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Entries for February 2011

The claim a company is not a “true security company” because they don’t focus solely on security products is a red herring. If I ask you to define a true security company, you might tend to fall back on the most obvious answer, “Well, it’s a company that focuses on security.”And then I would ask, “Security of what?” And then you might answer, “Well, of whatever it is the product secures, of course.” Of course. What it boils down to is that the most common definition of a “security company” is o...
Because ‘big data’ isn’t just a problem for data at rest, it’s a problem for data being transferred. Remember when we talked about operational risk comprising more than security? One of the three core components of operational risk is availability which is defined differently based not only the vertical industry you serve but also on the business goals of the application. This includes disaster recovery goals, among which off-site backups are often used as a means to address the availability of...
One of the majors Lori and I’s oldest son is pursuing is in philosophy. I’ve never been a huge fan of philosophy, but as he and Lori talked, I decided to find out more, and picked up one of The Great Courses on The Philosophy of Science to try and understand where philosophy split off from hard sciences and became irrelevant or an impediment. I wasn’t disappointed, for at some point in the fifties, a philosopher posed the “If you’re a chicken, you assume when the farmer comes that he will bring ...
I had a great time in San Francisco last week seeing and interviewing many of our security partners.  Special thanks goes out to Jerry Skurla and Kara Hutchins of NitroSecurity, Chris Poulin with Q1 Labs, Jeremiah Grossman of WhiteHat Security, F5’s Andy Oehler, Benny Czarny and Steven Ginn from OPSWAT and Steve Dispensa of PhoneFactor.  We covered a whole range of topics including token less multi-factor authentication, USB key checkers, BIG-IP Edge Client on iPad, WASC, XSS att...
articleirulesdeveventsnewstechtip February 23, 2011 by Joe Pruitt
In previous articles, we have explored using the Google Chart APIs to integrate static charts and graphs with iControl and iRules to build monitoring applications. Creating An iControl PowerShell Monitoring Dashboard with Google Charts Scatter Plotting Response Times With iRules and Google Charts Fun with Hash Performance and Google Charts Monitor Your iRules Performance with iControl and Google-O-Meter Comparing iRule Control Statements Referral Tracking with iRu...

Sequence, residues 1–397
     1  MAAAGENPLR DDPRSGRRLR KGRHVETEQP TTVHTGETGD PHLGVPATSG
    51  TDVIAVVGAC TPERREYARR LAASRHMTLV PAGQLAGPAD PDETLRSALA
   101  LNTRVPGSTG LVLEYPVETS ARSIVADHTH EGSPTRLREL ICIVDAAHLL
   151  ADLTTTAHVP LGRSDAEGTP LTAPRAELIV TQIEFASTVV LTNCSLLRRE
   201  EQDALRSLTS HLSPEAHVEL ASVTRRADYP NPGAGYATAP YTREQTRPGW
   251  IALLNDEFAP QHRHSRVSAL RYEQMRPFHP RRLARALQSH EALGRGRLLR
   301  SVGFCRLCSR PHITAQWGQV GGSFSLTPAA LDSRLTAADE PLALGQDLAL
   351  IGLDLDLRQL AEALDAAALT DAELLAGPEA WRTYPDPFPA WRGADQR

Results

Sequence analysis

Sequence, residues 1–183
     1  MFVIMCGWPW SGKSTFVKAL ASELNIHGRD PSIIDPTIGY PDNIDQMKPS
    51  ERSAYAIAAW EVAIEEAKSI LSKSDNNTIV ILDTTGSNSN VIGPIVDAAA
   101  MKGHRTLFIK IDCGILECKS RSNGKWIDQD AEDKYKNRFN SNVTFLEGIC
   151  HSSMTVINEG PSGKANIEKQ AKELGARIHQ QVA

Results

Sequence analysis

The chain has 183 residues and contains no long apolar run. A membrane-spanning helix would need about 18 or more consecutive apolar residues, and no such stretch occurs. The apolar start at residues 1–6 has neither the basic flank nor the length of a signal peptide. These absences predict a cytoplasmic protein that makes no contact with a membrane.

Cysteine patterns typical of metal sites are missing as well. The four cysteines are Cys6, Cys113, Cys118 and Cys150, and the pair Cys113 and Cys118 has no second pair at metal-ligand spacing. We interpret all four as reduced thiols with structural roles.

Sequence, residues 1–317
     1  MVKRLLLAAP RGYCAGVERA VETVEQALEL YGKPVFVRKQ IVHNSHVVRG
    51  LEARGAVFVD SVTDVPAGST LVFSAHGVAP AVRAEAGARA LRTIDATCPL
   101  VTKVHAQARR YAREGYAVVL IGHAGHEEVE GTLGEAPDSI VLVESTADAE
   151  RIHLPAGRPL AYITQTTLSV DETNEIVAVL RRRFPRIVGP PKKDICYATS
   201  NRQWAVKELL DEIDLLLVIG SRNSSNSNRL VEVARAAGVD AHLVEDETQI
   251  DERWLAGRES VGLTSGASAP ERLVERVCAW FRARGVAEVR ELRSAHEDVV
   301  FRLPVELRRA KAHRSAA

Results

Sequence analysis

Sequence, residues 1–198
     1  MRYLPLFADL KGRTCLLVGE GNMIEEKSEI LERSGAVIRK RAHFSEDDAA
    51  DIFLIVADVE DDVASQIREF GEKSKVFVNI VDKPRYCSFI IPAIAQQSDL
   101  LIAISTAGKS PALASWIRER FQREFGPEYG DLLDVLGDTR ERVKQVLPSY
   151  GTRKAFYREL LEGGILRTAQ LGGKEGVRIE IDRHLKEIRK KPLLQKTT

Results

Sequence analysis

articletechtip February 23, 2011 by Michael
   T he F5 ARX has many command line options and is very configurable. However there are times we need to get a little fancy and automate some tasks or get something done that is creative. For example we have about 8gb for the partition that holds reports. For 90% of our customers this is fine, however we have a few customer who would like to save those reports off automatically to save space. This tip is going to walk you through how to install an “Expect script” to help y...
A: They’re both more what you’d call “guidelines” than actual rules.   An almost irrefutable fact of application design today is the need for a database, or at a minimum a data store – i.e. a place to store the data generated and manipulated by the application. A second reality is that despite the existence of database access “standards”, no two database solutions support exactly the same syntax and protocols. Connectivity standards like JDBC and ODBC exist, yes, but like SQL they are vari...
In nature, things seek a balance that is sustainable. In the case of rivers, if there is too much pressure from water flowing, they either flood or open streams to let off the pressure. Both are technically examples of erosion, but we’re not here to discuss that particular natural process, we’re here to consider the case of a stream off a river when there is something changing the natural balance. Since I grew up around a couple of man-made lakes – some dug, some created when the mighty AuSable ...
Recognizing the relationship between and subsequently addressing the three core operational risks in the data center will result in a stronger operational posture. Risk is not a synonym for lack of security. Neither is managing risk a euphemism for information security. Risk – especially operational risk – compromises a lot more than just security.  In operational terms, the chance of loss is not just about data/information, but of availability. Of performance. Of cu...
Detecting attacks is good, being able to do something about it is better. F5 and Oracle take their collaborative relationship even further into the data center, integrating web application and database firewall solutions to improve protection against web and database-focused attacks. It is often the case that organizations heavily invested in security solutions designed to protect critical application infrastructure, such as the database, are unwilling to replace those solutions in favor of yet...
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